He is surrounded with many moments of uncertainties, and he is stuck whether to embrace them or ignore them. Those feelings of hope and disgust mix dis-proportionally to his deep thoughts and clouds his decisions.

And one day, he woke up to see, he is trapped. What was unknown became obvious. He allowed his comrades to build a fortress of solitude around him.

Was this the reason he left his family at a young age? Is this how he envisions his future life?

There is no right or wrong time in making decisions. Similarly, there is no right or wrong moves as no matter what he does, he will remain popular among those who worship him and unpopular for those who cannot stand the group he represents. He has reached that stage. But, mortal he is, he fears his inaction might haunt him even more this time around.

Should he keep quiet again and remain in that fortress and trust his comrades?

Far from the fortress, each day there is a clash of ideas even if the resultant goal is the same. Some play the moles, leaving them aside, shouldn’t ideas leaning towards the same goal be one and function like a Justice League?

The events that shaped our present cannot be altered – why are we trying so hard to change it?

In the meantime, he in his fortress and is constantly assured everything is under control. Mortal, that he is, he thinks about his legacy.

He asks how would i like to be remembered by future generations?

That’s the question he needs to answer and sooner it is, the better. He needs to re-visit those moments when he took some of the boldest decisions that shaped him. And in some scenarios, he needs to remain true to what he believes instead of merely going where the wind.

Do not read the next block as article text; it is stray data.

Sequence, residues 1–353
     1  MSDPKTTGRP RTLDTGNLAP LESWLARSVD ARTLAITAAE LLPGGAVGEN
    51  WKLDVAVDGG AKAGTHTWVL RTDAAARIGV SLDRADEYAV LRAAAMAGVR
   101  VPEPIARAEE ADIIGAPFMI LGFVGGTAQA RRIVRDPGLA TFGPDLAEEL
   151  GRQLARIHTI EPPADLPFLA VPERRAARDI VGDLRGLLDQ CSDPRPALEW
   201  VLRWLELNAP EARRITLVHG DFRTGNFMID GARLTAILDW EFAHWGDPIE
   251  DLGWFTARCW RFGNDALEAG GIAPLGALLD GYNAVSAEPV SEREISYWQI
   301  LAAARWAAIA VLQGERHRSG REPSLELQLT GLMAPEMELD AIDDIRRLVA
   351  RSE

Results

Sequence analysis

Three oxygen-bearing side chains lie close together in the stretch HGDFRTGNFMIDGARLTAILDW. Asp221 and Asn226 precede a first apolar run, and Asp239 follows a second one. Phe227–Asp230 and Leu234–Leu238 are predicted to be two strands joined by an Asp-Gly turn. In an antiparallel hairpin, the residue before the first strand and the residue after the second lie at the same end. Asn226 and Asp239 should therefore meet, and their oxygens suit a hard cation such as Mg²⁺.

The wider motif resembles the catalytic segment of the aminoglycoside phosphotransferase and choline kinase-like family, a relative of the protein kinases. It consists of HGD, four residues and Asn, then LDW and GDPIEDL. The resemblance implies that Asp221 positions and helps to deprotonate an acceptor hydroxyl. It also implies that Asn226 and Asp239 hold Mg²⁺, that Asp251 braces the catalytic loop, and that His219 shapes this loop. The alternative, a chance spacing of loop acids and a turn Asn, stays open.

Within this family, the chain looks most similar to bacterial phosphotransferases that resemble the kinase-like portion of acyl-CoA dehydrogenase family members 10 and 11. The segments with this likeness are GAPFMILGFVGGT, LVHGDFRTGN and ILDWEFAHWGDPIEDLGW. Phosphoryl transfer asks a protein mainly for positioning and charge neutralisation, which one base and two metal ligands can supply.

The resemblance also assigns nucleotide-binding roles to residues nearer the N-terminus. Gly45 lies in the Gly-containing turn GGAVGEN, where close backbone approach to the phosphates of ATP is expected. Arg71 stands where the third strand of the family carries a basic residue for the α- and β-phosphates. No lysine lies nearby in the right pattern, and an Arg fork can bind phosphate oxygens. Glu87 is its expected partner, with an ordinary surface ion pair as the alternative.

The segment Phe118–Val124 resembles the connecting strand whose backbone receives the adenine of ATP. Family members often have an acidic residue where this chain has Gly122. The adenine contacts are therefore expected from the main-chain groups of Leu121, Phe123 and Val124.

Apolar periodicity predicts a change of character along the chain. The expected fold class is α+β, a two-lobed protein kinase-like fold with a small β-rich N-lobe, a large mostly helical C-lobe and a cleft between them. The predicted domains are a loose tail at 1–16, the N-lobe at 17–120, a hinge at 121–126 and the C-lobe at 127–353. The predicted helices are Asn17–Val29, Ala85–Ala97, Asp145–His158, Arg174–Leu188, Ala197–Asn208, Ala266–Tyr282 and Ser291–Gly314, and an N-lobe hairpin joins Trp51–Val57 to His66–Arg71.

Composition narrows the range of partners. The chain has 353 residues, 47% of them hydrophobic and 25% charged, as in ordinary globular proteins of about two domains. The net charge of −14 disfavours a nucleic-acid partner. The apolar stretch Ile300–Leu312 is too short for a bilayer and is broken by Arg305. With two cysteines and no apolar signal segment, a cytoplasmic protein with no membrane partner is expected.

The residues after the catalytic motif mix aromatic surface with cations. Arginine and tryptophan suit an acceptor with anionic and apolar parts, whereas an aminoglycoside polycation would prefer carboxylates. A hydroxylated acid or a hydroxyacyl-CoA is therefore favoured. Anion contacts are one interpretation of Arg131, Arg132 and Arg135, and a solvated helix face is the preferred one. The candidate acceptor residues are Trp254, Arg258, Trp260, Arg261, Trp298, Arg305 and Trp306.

No matter, how hard he tries to create an effective pack, he will be deserted. He is a lone wolf and that’s his destiny.

If he manages to inspire the pack to follow his lead and live out his vision – it will be his legacy.


There is something about face value that attracts human responses when encountered. A sense of energy flows that resists patience and is in frenzy state to react, respond with what we feel is the right thing. Some have the ability to put it aside at the last minute, while others succumb to the seductive power of ‘hungama‘. This happened in Delhi recently and it was sensationalised as though it was a national issue – when in reality, it was meant to be dealt in a small way.

Why do we allow such incidents to become headlines? How does this issue matter to the rest of India, apart from providing fodder to unnecessary errands on social media and among friends and family.